Most of the bigger names were approachable; some more generous than others but most willing to part with stories (mainly reprints) for pro-rates if they didn’t feel the contributor rates were applicable. Jack Dann allowed me the use of his wonderfully frightening story ‘Camps’ and is one of the nicest and most generous authors I’ve met. I feel very honoured to have communicated with some of my favourite authors (albeit via electronic/virtual means) with this anthology and for that reason alone I feel it was worth the cost overall; it also proved a real boost to some of the up-and-coming authors to appear in an anthology alongside the likes of Campbell, Dann, Mosiman, Dunbar et al.

2) Are there common themes that emerge from within a number of these stories, or does the anthology cover the full scope of horror fiction?

The only real criterion I had in mind when selecting the stories for Fresh Fear was that they had to contain the element of fear somehow. I leant slightly towards ‘quiet’ horror when and if it was of a high enough standard but the end result was a really diverse range of stories, ranging from quite hard-core horror to more subtle narratives.

One commonality that emerged from the huge pile of submissions was the amount of stories set in post-apocalyptic or dystopian worlds; so I did become aware that the influx of these kind of stories had to be whittled down to give the reader a more diverse reading experience, as was my original intention. But, in answer to your question, I would say that the only real commonality is that the stories are well-written and that they all contain an element of fear that should entertain the readers’ adrenal glands.

3) Is this the first anthology you've edited, and how did you get interested in editing anthologies?

Yes, it is the first one that I’ve edited. I have always wanted to create my own horror anthology as I’m a big fan of them having falling in love early on with the Pan (Herbert Van Thal ed.) and Fontana collections of the late 70s and early 80s. It is how I, and I suspect, most other readers of horror have discovered new talents and writers of the genre and continue to do so. My interest stems from my love and fascination with the genre and I hope that I get the chance to edit more over the following years. I have always wanted to put together a very eclectic classical horror anthology with the best illustrations to accompany the selection of my favourite stories. One day.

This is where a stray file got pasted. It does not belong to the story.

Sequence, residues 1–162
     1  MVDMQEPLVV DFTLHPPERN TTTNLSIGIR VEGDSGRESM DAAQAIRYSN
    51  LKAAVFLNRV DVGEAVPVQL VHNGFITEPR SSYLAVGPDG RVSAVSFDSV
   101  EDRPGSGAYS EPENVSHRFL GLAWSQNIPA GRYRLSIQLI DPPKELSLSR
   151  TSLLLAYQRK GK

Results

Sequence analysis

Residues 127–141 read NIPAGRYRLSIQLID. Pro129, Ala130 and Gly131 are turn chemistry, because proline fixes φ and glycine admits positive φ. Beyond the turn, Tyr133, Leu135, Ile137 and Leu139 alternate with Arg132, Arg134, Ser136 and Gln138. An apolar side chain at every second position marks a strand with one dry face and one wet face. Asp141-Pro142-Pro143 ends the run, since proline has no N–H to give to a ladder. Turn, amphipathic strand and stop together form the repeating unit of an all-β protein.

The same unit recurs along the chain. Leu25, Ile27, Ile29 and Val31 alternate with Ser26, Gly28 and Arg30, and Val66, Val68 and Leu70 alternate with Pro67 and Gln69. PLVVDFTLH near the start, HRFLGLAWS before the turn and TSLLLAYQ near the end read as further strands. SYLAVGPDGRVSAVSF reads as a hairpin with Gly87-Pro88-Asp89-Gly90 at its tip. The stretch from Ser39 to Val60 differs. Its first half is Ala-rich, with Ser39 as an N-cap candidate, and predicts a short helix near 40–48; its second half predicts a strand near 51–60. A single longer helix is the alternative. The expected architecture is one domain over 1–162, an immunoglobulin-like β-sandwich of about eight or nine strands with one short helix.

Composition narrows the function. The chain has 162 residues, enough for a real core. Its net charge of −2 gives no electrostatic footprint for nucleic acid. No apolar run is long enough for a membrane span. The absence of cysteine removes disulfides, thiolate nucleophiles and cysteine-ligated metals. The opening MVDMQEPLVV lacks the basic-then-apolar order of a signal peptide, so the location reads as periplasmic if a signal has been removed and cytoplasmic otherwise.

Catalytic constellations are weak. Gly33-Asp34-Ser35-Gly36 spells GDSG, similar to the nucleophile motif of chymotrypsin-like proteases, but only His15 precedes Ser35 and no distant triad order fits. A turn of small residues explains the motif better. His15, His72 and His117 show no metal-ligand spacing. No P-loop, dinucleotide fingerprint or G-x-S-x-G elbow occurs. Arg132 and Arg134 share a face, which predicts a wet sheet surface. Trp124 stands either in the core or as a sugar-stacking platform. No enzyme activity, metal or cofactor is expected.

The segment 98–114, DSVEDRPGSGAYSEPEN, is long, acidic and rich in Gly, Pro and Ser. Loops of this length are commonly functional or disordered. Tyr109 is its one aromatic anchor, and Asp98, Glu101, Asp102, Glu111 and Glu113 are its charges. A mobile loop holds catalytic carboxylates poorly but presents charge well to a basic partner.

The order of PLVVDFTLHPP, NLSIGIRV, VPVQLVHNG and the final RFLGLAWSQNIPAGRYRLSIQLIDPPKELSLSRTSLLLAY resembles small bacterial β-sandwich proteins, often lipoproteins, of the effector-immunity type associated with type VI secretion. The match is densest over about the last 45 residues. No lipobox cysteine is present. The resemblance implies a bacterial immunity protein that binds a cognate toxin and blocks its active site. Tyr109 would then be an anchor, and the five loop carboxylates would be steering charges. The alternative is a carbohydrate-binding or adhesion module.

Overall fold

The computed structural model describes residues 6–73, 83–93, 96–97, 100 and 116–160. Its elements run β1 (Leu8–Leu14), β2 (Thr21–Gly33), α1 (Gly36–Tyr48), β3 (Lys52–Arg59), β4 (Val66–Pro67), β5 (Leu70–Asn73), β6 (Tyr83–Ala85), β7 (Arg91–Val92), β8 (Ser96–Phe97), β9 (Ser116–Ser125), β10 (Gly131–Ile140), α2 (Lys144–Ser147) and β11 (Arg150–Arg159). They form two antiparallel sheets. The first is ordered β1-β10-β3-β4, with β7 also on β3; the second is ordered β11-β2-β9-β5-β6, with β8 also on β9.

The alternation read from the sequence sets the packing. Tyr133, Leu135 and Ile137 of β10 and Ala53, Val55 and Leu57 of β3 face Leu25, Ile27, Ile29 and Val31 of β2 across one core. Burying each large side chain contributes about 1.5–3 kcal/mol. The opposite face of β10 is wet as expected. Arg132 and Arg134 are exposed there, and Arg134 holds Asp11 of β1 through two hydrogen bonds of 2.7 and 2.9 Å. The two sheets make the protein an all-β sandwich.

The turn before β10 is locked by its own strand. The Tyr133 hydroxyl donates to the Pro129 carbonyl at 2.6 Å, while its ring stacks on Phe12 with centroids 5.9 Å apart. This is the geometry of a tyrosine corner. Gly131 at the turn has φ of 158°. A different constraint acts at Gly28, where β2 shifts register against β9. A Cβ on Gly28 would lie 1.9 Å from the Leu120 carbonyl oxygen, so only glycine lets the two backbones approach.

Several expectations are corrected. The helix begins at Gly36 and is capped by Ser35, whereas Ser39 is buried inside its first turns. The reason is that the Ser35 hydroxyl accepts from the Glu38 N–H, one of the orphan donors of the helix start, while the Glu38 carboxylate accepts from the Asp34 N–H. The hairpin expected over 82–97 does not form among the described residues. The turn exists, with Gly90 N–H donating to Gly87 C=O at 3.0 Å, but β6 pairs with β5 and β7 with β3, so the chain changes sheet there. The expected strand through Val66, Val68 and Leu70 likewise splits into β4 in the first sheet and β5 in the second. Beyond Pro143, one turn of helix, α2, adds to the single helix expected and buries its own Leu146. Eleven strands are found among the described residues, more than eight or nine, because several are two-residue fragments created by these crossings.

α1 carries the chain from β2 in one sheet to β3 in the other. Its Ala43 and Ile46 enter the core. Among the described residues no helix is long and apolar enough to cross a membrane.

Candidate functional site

4) Of course, you're also known as a horror novelist, with your novel Blood Related [receiving good reviews. Without giving too much away, what can readers expect from Blood Related?

By way of an answer to your question, I sent a copy to a favourite psychological thriller author – Jonathan Nasaw (author of ‘Fear Itself,’ ‘The Girls He Adored,’ ‘When She Was Bad’ etc). Now this guy is the standard by which I measured BR – his novels are usually about depraved serial killers and are very dark, so his reply shocked me in such a way that I had to ask his permission to use it as a blurb. “Dark and deeply disturbing,” was his reply. Apparently, he had to put it down after reading the first section because it disturbed him too much! Another reviewer has summed up BR nicely – here’s how they described the novel:

“William Cook's presentation of a family of murderers, most notably the twin brothers Caleb and Charlie, is a chronicle that charts the evolution (or de-evolution) of a killer's psyche. There is a plot in this novel, or rather, a series of events that result in the book's conclusion (no spoilers here). A revolutionary plot on the manic scale of Charles Manson, a damaged family unit that has been depicted in classic horror films like Texas Chainsaw Massacre and House of 1000 Corpses, and the downward spiral of the novel's "good guy" all illustrate the environmental conditions which create such monstrosities. Cook did very thorough research; no stone was left unturned, no cause behind the madness unexplored.”

5) You're also a poet, and of course, there's a long tradition of horror poetry, stretching back at least to Edgar Allen Poe. What makes for good horror poetry?

There are so many variables and subjective considerations when one makes a value judgement about what constitutes ‘good’ poetry that it is hard to nail down. ‘Horror poetry’ is a fairly loose term and is not as widely accepted as say ‘Gothic’ poems, but recent years have seen the rise of a number of poets who do write poetry that engages tropes most commonly found in horror novels/fiction. An element of dread must always be present – a sense of foreboding; this can be achieved with the cadence and meter of the poem and is also emphasized by the use of onomatopoeia and description.